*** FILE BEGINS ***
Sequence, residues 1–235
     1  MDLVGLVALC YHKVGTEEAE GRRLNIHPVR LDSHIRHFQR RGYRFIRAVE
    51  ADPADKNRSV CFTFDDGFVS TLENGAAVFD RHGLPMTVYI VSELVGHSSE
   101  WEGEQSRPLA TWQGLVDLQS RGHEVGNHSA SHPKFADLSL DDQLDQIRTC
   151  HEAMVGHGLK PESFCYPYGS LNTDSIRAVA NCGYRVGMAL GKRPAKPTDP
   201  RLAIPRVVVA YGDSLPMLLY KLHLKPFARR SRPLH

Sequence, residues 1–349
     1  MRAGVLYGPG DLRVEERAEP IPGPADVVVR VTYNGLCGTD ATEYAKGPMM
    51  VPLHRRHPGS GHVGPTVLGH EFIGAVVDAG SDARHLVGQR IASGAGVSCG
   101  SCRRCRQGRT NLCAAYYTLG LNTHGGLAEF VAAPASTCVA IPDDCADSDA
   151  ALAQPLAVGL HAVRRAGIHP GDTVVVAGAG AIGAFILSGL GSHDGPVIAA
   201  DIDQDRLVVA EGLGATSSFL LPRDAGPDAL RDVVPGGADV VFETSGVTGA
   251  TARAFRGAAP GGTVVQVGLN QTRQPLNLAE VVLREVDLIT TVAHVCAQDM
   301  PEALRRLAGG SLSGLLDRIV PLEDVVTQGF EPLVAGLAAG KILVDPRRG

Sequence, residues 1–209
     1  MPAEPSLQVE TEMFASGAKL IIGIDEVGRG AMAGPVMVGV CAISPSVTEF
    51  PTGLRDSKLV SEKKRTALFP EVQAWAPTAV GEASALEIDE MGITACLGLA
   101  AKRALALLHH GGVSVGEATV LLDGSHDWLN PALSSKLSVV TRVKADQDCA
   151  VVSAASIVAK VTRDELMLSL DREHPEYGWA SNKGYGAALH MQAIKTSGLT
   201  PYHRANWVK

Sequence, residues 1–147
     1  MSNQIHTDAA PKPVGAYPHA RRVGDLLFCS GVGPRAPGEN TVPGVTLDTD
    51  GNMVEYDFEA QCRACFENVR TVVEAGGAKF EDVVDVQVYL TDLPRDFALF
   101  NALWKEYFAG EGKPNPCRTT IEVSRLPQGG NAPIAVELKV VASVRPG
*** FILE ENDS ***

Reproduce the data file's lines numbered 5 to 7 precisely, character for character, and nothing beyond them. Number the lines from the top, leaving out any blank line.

   151  HEAMVGHGLK PESFCYPYGS LNTDSIRAVA NCGYRVGMAL GKRPAKPTDP
   201  RLAIPRVVVA YGDSLPMLLY KLHLKPFARR SRPLH

Sequence, residues 1–349